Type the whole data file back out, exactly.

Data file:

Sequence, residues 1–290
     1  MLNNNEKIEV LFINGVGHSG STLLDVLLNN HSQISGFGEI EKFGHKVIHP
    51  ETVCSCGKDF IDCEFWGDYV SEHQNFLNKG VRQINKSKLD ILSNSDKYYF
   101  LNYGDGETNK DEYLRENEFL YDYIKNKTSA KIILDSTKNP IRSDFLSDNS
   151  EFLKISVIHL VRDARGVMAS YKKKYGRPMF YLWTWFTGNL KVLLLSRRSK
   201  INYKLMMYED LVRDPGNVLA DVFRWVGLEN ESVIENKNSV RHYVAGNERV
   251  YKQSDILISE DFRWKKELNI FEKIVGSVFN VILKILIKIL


Sequence, residues 1–290
     1  MLNNNEKIEV LFINGVGHSG STLLDVLLNN HSQISGFGEI EKFGHKVIHP
    51  ETVCSCGKDF IDCEFWGDYV SEHQNFLNKG VRQINKSKLD ILSNSDKYYF
   101  LNYGDGETNK DEYLRENEFL YDYIKNKTSA KIILDSTKNP IRSDFLSDNS
   151  EFLKISVIHL VRDARGVMAS YKKKYGRPMF YLWTWFTGNL KVLLLSRRSK
   201  INYKLMMYED LVRDPGNVLA DVFRWVGLEN ESVIENKNSV RHYVAGNERV
   251  YKQSDILISE DFRWKKELNI FEKIVGSVFN VILKILIKIL